Claire Fuller’s second novel Swimming Lessons tells the story of a missing woman and her adult daughter who, twelve years on, tries to piece together the facts about her mother’s disappearance. She talks to Juliet West, author of Before the Fall, about the book’s genesis and her inspirations in nature.
JW: Swimming Lessons is such a rich and multilayered novel narrated in the voices of two women – Ingrid and her daughter Flora. Can you tell us a little about these two characters?
CF: Ingrid starts off as a young woman in the 1970s with big plans to discover life, get her university degree and travel the world, but she falls in love with her professor and becomes pregnant. For fifteen or so years she exists unhappily in her marriage and finds enforced motherhood difficult, until through a series of letters she discovers an alternative to the life she has been living. Flora is also a determined young woman, single-minded sometimes to the point of aggression. She has been living with her mother’s disappearance for more than half her life, and not knowing what happened to Ingrid has formed her character. She does soften, I think, at the end of the book.
I loved the way you handled the structural challenges of the two women’s different chronologies. Did you plan the structure from the start, or did it evolve over various drafts?
The structure of the book evolved during the first draft. My first drafts are usually quite complete; I edit a lot as I go along. But the very start of the story was from Ingrid’s husband Gil’s point of view. That wasn’t working so I changed it to Flora’s, and when I’d written a few thousand words, I decided that actually I wanted to hear Ingrid’s voice as well, so that’s when I started writing her letters.
When they marry, Ingrid moves to a coastal village called Spanish Green, where Gil has a ramshackle house that was once a swimming pavilion. Tell us a bit more about Spanish Green – is it based on a real place?
One of the things I loved writing in Our Endless Numbered Days was the forest setting. So I knew, with my second book, I also wanted a lot of nature in it, and decided to set it by the sea. Spanish Green is loosely based on a village in Dorset called Studland, an area I know well and visit very often – crossing on the ferry, and walking along the beaches and through the heathland. The swimming pavilion is also based on actual house in Studland which is an old tennis pavilion. The whole landscape there: beach, cliffs, heathland is dramatic and beautiful, and very inspirational.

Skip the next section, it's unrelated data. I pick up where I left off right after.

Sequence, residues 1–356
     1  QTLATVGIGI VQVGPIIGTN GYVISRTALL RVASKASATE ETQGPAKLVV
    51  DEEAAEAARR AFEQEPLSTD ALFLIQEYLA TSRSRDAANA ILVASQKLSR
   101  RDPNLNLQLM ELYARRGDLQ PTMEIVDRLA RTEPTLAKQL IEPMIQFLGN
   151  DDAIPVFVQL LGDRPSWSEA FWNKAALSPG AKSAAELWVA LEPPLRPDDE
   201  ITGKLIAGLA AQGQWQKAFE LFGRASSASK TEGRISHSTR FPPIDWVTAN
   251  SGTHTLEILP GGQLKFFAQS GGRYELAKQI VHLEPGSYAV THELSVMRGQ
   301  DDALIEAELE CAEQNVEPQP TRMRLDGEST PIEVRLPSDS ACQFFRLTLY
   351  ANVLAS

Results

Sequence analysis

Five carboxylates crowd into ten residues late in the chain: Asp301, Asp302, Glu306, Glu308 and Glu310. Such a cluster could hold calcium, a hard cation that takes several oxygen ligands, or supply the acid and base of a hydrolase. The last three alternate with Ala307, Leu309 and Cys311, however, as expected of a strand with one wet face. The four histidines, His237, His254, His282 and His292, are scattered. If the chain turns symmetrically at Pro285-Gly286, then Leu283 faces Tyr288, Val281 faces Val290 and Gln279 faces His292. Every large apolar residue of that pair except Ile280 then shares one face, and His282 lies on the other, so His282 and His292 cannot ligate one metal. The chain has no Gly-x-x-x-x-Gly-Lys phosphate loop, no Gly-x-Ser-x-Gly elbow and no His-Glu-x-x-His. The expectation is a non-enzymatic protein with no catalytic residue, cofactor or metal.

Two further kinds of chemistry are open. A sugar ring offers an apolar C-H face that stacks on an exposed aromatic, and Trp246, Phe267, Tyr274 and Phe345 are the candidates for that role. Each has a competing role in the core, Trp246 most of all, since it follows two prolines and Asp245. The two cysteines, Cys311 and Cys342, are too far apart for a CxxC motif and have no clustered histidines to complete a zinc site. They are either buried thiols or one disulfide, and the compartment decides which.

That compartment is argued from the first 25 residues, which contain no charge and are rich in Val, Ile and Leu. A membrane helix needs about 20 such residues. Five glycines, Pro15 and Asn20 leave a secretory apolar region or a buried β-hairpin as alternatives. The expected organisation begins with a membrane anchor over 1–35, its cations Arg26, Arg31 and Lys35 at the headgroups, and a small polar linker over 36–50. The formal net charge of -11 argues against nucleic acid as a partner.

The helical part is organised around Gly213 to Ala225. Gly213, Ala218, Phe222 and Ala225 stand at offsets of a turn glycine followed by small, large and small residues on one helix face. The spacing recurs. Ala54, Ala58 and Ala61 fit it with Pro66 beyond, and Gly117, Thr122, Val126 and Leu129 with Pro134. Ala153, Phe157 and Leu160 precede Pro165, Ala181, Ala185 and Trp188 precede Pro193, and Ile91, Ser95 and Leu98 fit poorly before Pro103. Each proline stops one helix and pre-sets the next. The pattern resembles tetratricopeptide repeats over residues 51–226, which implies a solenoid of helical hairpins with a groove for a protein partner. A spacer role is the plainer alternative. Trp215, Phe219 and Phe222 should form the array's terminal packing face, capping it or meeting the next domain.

Just like Ingrid and Flora, I love swimming in the sea. On a warm, calm day it seems like an easy thing to do, but there is always another world going on underneath.”
Ingrid and Flora share a love of swimming. Swimming in the sea offers freedom, yet there is always an undercurrent of menace. What inspired you to write about the sea?
Just like Ingrid and Flora, I love swimming in the sea. On a warm, calm day it seems like an easy thing to do, but there is always another world going on underneath, something you don’t see unless you go looking for it. And it can be a place of danger – currents and jellyfish, underwater rocks. A nice metaphor I thought for Ingrid’s life, and Flora’s search for her mother.
Definitely – that sense of danger really came through. Returning to Flora, I was interested in her unusual sense of smell; she perceives smells as colours, for example the smell of musty sheets is visualised as “the underside of mushrooms”. This must have been fascinating to write. Can you tell us how you developed this aspect of Flora’s character?
Flora has a form of synesthesia. I thought this would be very interesting for an artist – Flora is at art school. I’m in a writing group, and I think it was one of my fellow members who pointed out in a very early submission to the group that I’d described a smell as a colour, so I decided to go with it. It was fascinating to write, but also quite difficult. I would often go and actually find the smell if I could, and try to visualise what colour it made me think of, making sure I wasn’t literal about it. For example, if she smelled bananas, the colour wasn’t allowed to be yellow.
Flora is a hoarder while her sister, Nan, is practical and tidy. It’s very poignant the way Flora collects items as talismans – Annie’s teeth, a plastic whale’s head, a toy soldier. Little details like these are really powerful. How do you collect them as a writer?